Save Me from Modern YA Girls

Many books have some flaws, particularly character flaws. I understand that since my genre of choice is paranormal romance. As I ranted many times before, romance is predictable and unrealistic since the woman always “gets” her man in the end. However, paranormal is flawed as well in its overly masculine approach to strength. Big burly men—excluding vampire (I don’t know why vampires are usually tall, lean, and refined) of course—dominate the paranormal worlds. Even the paranormal heroines have a masculine edge with their “ponytails swishing ass-kicking boot-wearing no time for sensitivity or skin care” attitudes.

Authors’ worlds are imperfect, and I’m fine with that imperfection. Please understand that I am not unreasonable even as I tell you a current Young Adult (YA) trend angers me beyond reason–the school bully trope.

I hated high school, and YA just made the experience worse.

I browse YA because they often have fun reads. The plots are thoughtful, and the characters may be interesting interpretations of common characters like Marissa Meyer’s Lunar Chronicles, a science fiction twist on well-known fairy tale princesses like Cinderella, Snow White, and Little Red Riding Hood. These ladies are badass, strong, and smart even as they live up to the fairy tale standards—making bad decisions, meeting some guy, and falling in love.

However, many recent YA girls have entered their last years of high school—according to    many, many authors—and they are being bullied. These protagonists are bullied by the popular kids, the poor kids, the smart kids, the misfit kids. Everyone hates these girls, and again, I understand this situation.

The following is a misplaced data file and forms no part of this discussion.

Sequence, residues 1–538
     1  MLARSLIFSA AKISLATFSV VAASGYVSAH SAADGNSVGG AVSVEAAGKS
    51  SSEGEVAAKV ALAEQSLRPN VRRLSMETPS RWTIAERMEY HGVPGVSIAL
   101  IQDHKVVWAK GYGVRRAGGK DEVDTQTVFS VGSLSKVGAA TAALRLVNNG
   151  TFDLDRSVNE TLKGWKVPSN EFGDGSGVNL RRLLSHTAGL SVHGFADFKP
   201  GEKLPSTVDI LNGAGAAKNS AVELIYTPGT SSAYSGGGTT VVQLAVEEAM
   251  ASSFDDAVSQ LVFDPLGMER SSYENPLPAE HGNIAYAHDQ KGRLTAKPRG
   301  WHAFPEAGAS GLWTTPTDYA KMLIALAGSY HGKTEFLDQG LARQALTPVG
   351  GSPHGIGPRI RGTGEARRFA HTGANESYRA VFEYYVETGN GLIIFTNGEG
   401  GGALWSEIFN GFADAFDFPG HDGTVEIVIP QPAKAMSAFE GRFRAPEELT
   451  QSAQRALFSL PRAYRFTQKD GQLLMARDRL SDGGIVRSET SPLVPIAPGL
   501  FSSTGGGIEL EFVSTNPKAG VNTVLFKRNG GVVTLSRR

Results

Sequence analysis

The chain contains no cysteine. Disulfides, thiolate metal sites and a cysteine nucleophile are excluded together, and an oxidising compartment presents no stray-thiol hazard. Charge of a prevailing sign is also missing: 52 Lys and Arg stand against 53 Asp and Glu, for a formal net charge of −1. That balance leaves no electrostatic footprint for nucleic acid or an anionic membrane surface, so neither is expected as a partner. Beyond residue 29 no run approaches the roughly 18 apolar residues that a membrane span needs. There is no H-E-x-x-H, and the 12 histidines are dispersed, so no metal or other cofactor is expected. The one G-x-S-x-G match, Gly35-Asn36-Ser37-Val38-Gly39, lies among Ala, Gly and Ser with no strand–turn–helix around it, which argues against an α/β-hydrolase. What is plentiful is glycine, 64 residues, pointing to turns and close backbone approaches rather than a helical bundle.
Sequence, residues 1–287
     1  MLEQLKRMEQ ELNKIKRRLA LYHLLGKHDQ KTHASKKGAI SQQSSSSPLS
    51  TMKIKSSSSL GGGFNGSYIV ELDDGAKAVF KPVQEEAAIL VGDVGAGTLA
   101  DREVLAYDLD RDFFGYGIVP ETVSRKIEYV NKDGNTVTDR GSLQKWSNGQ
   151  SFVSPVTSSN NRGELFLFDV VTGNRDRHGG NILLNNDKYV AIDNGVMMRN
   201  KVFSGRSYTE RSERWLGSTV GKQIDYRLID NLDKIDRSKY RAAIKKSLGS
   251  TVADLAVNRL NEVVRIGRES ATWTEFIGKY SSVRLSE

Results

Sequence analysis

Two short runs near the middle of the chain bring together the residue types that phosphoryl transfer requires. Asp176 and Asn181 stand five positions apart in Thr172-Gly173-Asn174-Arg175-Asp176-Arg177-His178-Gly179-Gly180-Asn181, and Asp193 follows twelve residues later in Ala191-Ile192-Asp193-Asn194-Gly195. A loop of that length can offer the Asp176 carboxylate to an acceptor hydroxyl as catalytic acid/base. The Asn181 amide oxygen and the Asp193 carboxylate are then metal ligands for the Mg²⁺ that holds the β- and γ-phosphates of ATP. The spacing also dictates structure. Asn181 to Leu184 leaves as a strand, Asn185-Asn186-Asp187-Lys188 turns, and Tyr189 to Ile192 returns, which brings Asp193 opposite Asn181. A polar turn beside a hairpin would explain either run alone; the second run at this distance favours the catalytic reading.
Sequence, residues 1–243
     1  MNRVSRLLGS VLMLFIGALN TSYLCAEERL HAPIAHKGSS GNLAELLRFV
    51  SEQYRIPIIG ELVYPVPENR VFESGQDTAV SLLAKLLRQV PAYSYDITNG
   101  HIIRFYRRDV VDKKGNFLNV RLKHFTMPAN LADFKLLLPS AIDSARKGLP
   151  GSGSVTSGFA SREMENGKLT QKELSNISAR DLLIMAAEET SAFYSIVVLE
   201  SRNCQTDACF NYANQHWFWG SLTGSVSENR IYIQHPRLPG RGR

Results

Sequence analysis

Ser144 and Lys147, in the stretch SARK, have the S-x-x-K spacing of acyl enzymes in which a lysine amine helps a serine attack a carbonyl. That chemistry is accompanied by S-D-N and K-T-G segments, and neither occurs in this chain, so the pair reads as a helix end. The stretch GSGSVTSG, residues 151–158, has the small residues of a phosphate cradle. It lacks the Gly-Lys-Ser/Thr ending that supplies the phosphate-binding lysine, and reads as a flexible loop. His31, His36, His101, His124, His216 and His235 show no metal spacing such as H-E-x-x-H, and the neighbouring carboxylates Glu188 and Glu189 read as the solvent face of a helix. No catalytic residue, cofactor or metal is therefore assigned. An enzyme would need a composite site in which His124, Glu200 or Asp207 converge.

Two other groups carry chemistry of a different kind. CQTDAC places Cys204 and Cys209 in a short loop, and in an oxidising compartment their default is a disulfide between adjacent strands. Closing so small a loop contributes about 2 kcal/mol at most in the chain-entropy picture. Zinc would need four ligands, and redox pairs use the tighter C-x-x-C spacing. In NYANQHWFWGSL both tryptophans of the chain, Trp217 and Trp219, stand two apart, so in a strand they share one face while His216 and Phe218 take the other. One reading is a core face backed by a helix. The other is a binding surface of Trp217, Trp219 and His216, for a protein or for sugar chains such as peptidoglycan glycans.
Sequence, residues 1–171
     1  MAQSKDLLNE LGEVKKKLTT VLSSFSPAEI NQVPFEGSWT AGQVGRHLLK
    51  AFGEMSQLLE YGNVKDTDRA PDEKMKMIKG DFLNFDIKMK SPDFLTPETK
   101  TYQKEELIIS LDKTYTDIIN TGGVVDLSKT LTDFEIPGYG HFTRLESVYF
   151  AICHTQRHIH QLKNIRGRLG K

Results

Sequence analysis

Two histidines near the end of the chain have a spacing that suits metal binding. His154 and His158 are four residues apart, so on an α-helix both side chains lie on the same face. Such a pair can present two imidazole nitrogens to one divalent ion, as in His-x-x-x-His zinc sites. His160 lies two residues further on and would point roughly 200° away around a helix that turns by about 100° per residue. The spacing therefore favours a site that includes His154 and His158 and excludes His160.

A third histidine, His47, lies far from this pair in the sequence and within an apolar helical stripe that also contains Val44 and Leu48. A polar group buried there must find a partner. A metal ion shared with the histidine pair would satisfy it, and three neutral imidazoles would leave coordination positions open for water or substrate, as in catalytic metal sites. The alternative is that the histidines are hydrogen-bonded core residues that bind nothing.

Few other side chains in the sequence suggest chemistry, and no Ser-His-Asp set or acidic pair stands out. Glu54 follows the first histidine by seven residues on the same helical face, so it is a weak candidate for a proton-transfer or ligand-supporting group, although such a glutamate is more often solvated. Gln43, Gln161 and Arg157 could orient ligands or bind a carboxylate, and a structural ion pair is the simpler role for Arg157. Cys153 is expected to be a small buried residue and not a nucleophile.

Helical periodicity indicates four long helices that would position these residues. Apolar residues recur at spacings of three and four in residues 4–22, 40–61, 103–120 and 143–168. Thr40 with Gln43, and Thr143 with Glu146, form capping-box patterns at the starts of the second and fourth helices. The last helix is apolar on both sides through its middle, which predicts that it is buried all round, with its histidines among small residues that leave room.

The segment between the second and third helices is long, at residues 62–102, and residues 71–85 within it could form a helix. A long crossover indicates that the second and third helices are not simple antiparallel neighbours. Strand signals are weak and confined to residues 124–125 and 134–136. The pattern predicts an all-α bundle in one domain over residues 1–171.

Novels are often based on imperfect worlds. Besides, bullying is a particularly hot button issue in our schools today, so fiction is a great opportunity to address the challenges of modern high schools. Authors should use their voices—excuse me, pens—to shed light on discrimination, mistreatment, abuse, and more that occur within modern schools.

However, I cringe and shake my head when I read the implications of the protagonist’s actions. The trend conveys horrible messages to vulnerable girls.

First, female protagonist after female protagonist hangs her head in shame as she is bullied. The characters vow to just suffer through one more year of the uninvited (no, bullying is never invited) pain and ridicule of faculty, students, even parents. The girls’ salvation is knowing they will be legal adults by graduation. These girls never go to an adult. They never talk to the police. They never show evidence of their abuse. And even worse, no adult seems to notice or care.

Sure, seeking help in these situations can feel impossible. Plus, I recall instances when reporting the behavior hurt the victim more than the assailant, so reporting bullying is difficult and not for everyone. However, how about a little therapy because “put your head down and wait for the pain to end” is not a good lesson for teenage girls. Yes, some adults can become caught up in their own life drama, but usually, someone in the world cares and responds to abuse. And yes, unfortunately, the victim is mistreated for coming forward, but do we want our young women believing they should hide their mistreatment rather than speak to someone—even a counselor or a therapist—rather than hang their heads and hide behind the thick curtains of hair hiding the girls from watchful eyes?